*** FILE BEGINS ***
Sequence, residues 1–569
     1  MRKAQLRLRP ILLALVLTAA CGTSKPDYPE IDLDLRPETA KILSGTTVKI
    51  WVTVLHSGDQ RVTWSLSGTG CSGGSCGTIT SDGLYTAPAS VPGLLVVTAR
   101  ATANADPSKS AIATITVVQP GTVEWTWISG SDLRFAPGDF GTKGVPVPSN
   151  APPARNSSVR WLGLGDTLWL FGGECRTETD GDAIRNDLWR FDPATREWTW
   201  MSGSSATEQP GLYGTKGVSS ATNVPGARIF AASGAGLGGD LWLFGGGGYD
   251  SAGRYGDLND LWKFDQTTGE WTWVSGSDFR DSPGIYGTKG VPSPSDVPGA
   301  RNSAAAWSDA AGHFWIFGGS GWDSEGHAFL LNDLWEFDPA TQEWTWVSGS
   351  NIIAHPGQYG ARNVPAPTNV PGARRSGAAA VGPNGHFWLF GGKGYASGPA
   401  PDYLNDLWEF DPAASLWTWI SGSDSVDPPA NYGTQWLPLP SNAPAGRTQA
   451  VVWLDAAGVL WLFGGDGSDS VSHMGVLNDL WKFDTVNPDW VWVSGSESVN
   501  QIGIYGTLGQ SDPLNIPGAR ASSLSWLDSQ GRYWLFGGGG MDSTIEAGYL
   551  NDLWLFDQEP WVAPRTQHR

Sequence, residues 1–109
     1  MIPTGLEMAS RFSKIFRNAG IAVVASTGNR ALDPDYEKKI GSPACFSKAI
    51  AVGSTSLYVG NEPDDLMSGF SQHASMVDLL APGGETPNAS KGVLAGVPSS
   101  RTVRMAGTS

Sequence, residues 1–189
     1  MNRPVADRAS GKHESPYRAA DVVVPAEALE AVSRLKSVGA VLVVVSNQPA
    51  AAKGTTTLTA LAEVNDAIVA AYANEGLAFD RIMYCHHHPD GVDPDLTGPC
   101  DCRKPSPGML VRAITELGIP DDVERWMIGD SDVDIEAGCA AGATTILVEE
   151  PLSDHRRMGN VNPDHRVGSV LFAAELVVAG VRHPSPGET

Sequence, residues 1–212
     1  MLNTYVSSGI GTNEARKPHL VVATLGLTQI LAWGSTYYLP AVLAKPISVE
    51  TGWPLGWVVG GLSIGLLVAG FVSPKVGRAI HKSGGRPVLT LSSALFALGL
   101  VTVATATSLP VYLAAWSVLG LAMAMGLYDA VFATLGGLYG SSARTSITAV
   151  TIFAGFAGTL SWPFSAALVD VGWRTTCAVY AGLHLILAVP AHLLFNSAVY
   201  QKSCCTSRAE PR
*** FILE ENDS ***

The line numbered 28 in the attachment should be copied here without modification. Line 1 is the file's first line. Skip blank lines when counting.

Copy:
   201  QKSCCTSRAE PR